I was reminded of this over the weekend when talking about Star Wars, and specifically how to introduce various younger family members to the Galaxy Far, Far Away. To me, it came down to a couple of factors: the “padawan’s” age, and whether she was interested in the films as one coherent story. Basically, I figured that if a kid didn’t know about a certain big spoiler, she might as well start with Episode I and go all the way through to VI. However, I know that won’t apply in most cases; so generally, I’d start with the 1977 original (as amended, unless one doesn’t mind VHS) before going back to The Phantom Menace. Sure, you have to watch Episode IV twice, but what’s wrong with that?
The larger point, though, is that Star Wars has developed from a single game-changing blockbuster to a familiar, almost constant presence in pop culture. Like many of you, I can remember a world without Star Wars, and therefore I can remember what it was like in the beginning. When I was 8, the only way to see Star Wars was in the theater, and we had to wait a year (uphill, both ways, in the snow) for the first toys. By contrast, today’s adolescents can watch the movies (or the “Clone Wars” cartoons) on the DVD players in their parents’ cars while on their way to Target for the latest action figures and weaponry.
Wow, that sure sounds like Grandpa Simpson, huh? (Speaking of constant presences in pop culture….) I can flip it around just as easily, because those Green Lantern Archives and Showcase Presents are full of stories from before I was born. Fandom has a certain “unearned” quality which is almost unavoidable in such cases, for the simple fact that these longstanding works have become ubiquitous. It was a big deal in 1991 when Timothy Zahn’s Heir to the Empire and Tom Veitch and Cam Kennedy’s Dark Empire came out, because Return of the Jedi was eight years in the past and Marvel’s SW comic had been gone for five. Still, what does it matter in the greater scheme of things if Zahn’s novel or the Dark Horse comic were a new fan’s first glimpse at the GFFA? What if today’s fans got hooked first by Phantom Menace or this season’s “Clone Wars?” Without new converts, fandom dies, and the best the old-timers can hope for is that the newbies at least appreciate their roots.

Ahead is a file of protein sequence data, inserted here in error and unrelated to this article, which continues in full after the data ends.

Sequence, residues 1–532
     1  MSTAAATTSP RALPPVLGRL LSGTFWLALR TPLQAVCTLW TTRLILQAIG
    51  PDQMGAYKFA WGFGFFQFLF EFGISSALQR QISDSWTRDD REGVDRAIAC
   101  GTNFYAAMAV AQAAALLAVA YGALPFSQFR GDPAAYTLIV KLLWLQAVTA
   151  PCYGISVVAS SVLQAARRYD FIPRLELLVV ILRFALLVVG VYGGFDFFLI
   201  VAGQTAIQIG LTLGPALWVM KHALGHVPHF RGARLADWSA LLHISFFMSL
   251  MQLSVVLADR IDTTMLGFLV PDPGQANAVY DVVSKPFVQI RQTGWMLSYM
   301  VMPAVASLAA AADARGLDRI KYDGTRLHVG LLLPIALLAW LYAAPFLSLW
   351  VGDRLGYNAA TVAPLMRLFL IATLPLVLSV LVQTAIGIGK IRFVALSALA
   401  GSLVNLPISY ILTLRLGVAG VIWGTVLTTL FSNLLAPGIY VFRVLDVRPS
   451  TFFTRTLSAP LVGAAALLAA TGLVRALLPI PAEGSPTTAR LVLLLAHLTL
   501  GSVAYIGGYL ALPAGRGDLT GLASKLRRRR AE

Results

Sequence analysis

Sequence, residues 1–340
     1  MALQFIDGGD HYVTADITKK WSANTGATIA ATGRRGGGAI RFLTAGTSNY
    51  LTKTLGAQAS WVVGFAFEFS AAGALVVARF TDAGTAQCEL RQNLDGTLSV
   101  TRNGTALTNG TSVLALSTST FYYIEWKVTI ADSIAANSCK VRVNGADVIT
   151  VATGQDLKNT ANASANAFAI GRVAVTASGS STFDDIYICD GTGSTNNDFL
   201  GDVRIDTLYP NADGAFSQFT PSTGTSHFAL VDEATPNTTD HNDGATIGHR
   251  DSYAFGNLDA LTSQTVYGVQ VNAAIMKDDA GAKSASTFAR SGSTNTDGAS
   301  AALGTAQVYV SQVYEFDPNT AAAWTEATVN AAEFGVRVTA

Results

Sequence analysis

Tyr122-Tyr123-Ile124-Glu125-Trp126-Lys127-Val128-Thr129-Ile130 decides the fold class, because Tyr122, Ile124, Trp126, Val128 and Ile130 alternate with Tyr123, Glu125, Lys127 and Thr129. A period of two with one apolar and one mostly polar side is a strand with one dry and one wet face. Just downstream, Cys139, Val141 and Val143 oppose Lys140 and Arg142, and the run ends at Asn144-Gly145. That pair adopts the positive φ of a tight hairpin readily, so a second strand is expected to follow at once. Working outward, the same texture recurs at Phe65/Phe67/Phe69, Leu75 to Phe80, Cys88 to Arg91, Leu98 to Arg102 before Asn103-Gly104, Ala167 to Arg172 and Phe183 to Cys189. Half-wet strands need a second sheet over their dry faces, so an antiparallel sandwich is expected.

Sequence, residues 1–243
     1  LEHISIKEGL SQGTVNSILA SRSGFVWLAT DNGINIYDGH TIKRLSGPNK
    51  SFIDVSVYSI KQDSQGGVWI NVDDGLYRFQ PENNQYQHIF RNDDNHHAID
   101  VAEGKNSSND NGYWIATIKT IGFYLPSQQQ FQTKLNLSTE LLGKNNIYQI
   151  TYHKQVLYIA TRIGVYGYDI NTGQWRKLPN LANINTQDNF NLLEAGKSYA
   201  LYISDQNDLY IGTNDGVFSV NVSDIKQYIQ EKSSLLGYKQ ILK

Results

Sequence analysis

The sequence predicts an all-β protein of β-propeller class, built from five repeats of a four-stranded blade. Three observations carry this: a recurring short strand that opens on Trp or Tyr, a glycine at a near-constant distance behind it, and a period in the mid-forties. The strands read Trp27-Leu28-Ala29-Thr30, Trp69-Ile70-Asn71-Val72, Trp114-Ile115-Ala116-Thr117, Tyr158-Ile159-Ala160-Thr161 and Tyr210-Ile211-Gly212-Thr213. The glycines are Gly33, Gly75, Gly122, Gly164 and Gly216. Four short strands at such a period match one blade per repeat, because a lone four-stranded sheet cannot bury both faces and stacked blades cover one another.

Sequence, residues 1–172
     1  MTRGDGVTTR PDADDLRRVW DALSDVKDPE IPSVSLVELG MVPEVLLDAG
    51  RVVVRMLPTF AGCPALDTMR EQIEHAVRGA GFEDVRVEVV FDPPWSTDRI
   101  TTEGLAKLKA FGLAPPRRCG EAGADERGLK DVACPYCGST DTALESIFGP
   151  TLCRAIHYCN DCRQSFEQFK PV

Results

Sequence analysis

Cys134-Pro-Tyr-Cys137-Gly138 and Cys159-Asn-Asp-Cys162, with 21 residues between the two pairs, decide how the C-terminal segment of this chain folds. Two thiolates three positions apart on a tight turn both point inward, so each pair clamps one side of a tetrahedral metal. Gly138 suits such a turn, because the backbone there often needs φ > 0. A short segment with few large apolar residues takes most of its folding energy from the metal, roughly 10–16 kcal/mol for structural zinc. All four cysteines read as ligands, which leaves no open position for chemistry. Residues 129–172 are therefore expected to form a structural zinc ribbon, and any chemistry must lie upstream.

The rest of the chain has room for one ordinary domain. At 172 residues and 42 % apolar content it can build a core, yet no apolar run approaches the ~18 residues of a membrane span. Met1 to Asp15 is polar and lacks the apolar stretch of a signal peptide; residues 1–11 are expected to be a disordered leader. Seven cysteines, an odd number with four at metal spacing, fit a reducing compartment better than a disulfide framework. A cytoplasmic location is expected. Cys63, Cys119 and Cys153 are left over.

Even so, sometimes those roots are hopelessly tangled. We can’t ignore the shoddy treatment many creators have endured after being cut out of their characters’ successes — but at the same time, we tend only to know these characters in their current forms, in some cases far removed from their first appearances. As a kid, I recognized Superman as drawn by Curt Swan and Murphy Anderson, and Jerry Siegel and Joe Shuster’s stories were artifacts of the distant past. Today, I buy Superman comics because of my enduring affection for the character, although that affection comes from having discovered a version of him decades in the making. Regardless, I remain grateful to Siegel and Shuster for their creation, and I want their legacies treated properly.
Thus, I am still trying to work out how to balance my fannish desires with those moral imperatives. Some things, like the Siegel and Shuster estates’ legal rights, aren’t for me to determine. I can control my comics-buying habits, but for various reasons (including this column) I don’t see me boycotting DC anytime soon. Instead, I try to give credit where it’s due while never losing sight of my pastimes’ beginnings. Whether I was there at the start or came in late, I’m one of their historians, and that’s what comes with the job.